Soon she would return to Valinor, and he would be alone. He could not imagine a day without her beside him, but he did not wish to leave while Arwen and the twins remained. He knew the twins would delay their choice as long as Arwen lived in Middle-earth. Once she was gone… He shuddered to think of that day, but he felt certain that would be the day when Elladan and Elrohir would make their choices to join him in sailing to the Undying Lands or to remain and become mortal. Hopefully, marrying Laurëanna would encourage Elrohir to choose the life of the Eldar, and Elladan would follow his brother. Celeborn had no desire to return to Aman and have to explain to his wife and daughter why he had come alone.
For the next several days, Laurëanna made every attempt to avoid Lady Galadriel without being outwardly rude. When Haldir and his brothers invited them on a hunt that would take them away from Lothlorien for two or three days, she pushed Elrohir into the two of them joining along with Elladan. It was on this trip that she finally got to spend a lot of time with Rumil. He seemed so different to her, more carefree than she had known him to be in Aman.
When they returned to Lothlorien, they were greeted by Airemír. Laurëanna grew very confused because she knew she had been close to Airemír in Aman, yet she could not remember anything about her. Airemír brought a message from Lady Galadriel for Laurëanna, asking her to join her for tea when she returned and had time to rest. Knowing that there was no way she could possibly refuse, Laurëanna nodded and went to get ready, leaving Airemír talking with her husband, Elladan, and the three Lórien brothers. She could not help but notice how Elladan paid a lot of attention to Airemír and she to him.
After washing up and changing clothes, Laurëanna reluctantly went to see Galadriel. Two ellith ushered her into Galadriel's rooms, before leaving her alone with the Lady.
"I am glad you returned today. I was beginning to worry you would go back to Imladris in order to avoid me," Galadriel said, a gentle smile on her face. "Do not be frightened, my dear. If you do not wish to speak of what you saw, what I saw as well, we do not have to. However, many have called me wise, and perhaps I would be able to advise you. If you wish, of course."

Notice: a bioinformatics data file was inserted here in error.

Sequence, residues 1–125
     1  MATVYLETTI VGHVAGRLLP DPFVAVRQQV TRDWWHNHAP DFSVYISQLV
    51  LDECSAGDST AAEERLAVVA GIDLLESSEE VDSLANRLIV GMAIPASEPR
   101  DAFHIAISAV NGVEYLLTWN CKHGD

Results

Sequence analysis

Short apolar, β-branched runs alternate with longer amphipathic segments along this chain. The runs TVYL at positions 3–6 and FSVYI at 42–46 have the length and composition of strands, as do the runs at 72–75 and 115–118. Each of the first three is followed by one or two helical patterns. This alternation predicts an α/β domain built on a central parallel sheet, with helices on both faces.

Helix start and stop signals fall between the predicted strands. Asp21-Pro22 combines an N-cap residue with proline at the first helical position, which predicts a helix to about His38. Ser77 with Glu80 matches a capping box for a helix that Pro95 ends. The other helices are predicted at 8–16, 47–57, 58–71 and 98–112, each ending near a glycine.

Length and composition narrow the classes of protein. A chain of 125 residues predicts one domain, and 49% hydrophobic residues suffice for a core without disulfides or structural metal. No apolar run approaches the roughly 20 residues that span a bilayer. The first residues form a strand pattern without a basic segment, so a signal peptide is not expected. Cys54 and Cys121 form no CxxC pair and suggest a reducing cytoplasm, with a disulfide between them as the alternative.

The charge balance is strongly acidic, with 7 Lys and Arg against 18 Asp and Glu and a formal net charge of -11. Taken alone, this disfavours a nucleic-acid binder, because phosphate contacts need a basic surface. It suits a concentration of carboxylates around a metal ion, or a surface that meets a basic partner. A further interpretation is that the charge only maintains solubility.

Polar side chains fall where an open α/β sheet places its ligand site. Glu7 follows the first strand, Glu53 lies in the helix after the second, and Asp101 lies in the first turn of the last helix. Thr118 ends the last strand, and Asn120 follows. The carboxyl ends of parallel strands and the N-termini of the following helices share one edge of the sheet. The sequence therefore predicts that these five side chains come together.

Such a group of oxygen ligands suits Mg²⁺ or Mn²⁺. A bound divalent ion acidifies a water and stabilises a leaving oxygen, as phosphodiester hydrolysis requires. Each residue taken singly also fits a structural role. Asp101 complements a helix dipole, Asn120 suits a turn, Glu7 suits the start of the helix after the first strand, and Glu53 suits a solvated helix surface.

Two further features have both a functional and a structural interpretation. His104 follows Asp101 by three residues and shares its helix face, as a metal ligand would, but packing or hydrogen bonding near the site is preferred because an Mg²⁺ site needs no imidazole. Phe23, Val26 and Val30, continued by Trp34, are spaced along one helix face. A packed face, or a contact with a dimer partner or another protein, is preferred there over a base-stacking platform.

Laurëanna was silent, studying her hands intently, as Galadriel poured both of them some tea and sat back, sipping quietly.
"In Rohan, you asked me to trust you even though I did not know you. And I did. All I ask is you trust me as well." Galadriel reached over and took her hand.
When Laurëanna looked into her eyes, she could remember all of the times she had come to Lady Galadriel for both love and advice. The bond they had once shared was so strong, and now all she wanted to do was pour out her heart and soul to the Lady as she had done so many times. She could not speak of their past -- she had made a vow to the Valar -- but the vision in the mirror was not about her past, and she had chosen to share it with Elrohir for that same reason. Why could she not do the same for Lady Galadriel? To show her that she trusted her in return.
"Will it come true?" she asked at last. "Will my children die?"
"I do not know. The mirror shows things that may happen, but often times, we change our future without realizing it," Galadriel explained.
"If we choose not to have children, then I will change the future and we will not have to mourn them."
"Yet some would say that it is worth the risk. Would you wish that you had not loved Elrohir if you had lost him in the War of the Ring?"
Laurëanna shook her head. "That is different. He was already alive. But to choose to bring to life three children, knowing they will die, is…"
"As we have said before though, you do not know they will die. You saw two graves, and you know that in your future you will lose someone close to you, but you do not know whom. I do not think you and Elrohir should decide not to have children to prevent yourself from possibly losing them. We all take that risk making the decision to create another life," Galadriel said with a faint smile. "I have watched my daughter have great happiness and great pain, but I do not regret her life, nor do I think it was a mistake. If someone had told me what would happen long before it did, I do not know that I would not have made the same decision."
Laurëanna chewed her lip and thought about what Galadriel was saying. She wanted a child and knew Elrohir did as well. She could not imagine not having one, but she was scared, scared to lose a part of her.
"It is all right to be frightened. Making a decision to have a child is always difficult in these times. You hope that the peace will last long enough that your child will not see the same evil you have." Galadriel reached over and brushed back her hair. In an unexpected moment, she hugged her, and Laurëanna felt safe and secure.